The Akashi-Kaikyo Bridge, also known as Pearl Bridge, is a suspension bridge in Japan that crosses the Akashi Strait. It links Kobe in mainland Japan and the rural fishing island of Awaji as part of the Honshu-Shikoku Highway. The Akashi strait is one of the world’s busiest shipping lanes with 1000 ships plying through it daily.
At the time of completion, this bridge held 3 world records:-
1. At 280m, it was the highest suspension bridge in the world.
2. With the central span measuring almost 2km, it was the longest suspension bridge.
3. At a cost of $4.3 billion, it was the most expensive bridge project.
Fig. 1 Akashi Kaikyo Bridge
Before the Akashi Kaikyo Bridge was built, ferries carried passengers across the Akashi Strait in Japan. This dangerous waterway often experiences severe storms, and in 1955, two ferries sank in the strait during a storm, killing 168 children. The ensuing shock and public outrage convinced the Japanese government to develop plans for a suspension bridge to cross the strait. The original plan called for a mixed railway-road bridge, but when construction on the bridge began in April 1986, the construction was restricted to road only, with six lanes. Actual construction did not begin until May 1986, and the bridge was opened for traffic on April 5, 1998. The Akashi Strait is an international waterway that necessitated the provision of a 1,500m wide shipping lane.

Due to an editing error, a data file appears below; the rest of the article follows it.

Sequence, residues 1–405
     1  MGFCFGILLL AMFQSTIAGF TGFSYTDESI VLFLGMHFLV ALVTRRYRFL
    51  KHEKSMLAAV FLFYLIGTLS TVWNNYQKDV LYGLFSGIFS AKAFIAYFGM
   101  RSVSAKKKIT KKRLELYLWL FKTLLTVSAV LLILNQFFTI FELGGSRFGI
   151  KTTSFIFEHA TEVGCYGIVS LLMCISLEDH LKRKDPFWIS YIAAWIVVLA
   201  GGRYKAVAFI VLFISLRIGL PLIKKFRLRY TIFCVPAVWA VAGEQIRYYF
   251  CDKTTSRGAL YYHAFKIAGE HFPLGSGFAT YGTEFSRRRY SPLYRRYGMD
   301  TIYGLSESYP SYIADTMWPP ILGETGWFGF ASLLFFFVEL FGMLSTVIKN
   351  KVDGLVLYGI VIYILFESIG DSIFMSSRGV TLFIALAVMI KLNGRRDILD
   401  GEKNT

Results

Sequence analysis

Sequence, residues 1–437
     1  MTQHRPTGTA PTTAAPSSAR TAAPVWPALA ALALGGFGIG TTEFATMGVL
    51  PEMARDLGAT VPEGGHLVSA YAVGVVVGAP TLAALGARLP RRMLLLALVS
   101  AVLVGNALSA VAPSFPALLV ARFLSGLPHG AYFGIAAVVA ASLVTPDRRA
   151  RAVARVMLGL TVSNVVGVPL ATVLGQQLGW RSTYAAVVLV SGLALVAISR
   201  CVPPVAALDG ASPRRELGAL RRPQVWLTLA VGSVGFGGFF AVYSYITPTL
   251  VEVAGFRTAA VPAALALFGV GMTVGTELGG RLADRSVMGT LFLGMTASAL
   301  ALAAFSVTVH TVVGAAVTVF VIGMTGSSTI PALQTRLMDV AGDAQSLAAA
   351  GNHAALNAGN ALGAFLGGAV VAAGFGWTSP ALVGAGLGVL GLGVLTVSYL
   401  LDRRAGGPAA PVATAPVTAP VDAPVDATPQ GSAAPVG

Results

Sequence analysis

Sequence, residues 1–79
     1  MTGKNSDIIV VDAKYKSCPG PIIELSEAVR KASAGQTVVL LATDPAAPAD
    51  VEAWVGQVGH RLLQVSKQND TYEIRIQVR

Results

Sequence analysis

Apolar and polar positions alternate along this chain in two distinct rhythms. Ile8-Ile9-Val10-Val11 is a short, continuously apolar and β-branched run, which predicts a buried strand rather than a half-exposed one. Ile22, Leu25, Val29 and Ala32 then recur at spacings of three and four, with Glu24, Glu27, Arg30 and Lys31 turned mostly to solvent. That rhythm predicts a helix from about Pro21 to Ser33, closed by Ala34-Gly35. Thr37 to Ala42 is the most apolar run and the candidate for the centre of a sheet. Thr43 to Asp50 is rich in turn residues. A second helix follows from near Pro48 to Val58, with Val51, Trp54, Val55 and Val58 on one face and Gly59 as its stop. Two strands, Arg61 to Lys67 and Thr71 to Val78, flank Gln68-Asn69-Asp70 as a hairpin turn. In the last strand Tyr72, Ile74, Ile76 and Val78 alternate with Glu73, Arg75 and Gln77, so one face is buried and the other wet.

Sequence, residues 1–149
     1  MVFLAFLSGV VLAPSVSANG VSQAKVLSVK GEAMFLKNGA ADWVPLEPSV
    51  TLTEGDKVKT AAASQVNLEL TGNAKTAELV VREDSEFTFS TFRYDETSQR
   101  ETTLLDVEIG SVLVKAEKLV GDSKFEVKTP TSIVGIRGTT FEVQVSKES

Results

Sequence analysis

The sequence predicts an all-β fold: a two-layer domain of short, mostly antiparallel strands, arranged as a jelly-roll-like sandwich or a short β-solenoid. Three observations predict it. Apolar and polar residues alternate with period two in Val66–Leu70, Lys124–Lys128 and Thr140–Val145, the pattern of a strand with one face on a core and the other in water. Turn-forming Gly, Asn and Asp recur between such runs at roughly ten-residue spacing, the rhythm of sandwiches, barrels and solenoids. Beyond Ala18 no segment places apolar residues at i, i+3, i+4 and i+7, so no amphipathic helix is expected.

Fig. 2 Location of the bridge
1959 - Ministry of Construction commenced highway study.
1970 - Honshu-Shikoku Bridge Authority founded.
1973 - Ministry of Construction approved construction plans.
1985 - Government decided to construct Akashi Kaikyo Bridge.
1986 - Geological study of construction site commenced.
1987 - Construction survey for tower foundation commenced.
1988 - On-site construction commenced.
1998 - Opened for traffic.
4. REASONS TO BUILD THIS BRIDGE
1. As part of plans to modernize Japan, the various islands that constitute Japan had to be connected. So this bridge had to be built for that.
2. The only connection between Kobe and Awaji was by ferry. But the 1955 incident compelled the Japanese to think of this bridge soon enough.
3. An exercise of this magnitude had not yet been attempted. This was a symbol for Japan’s prosperity.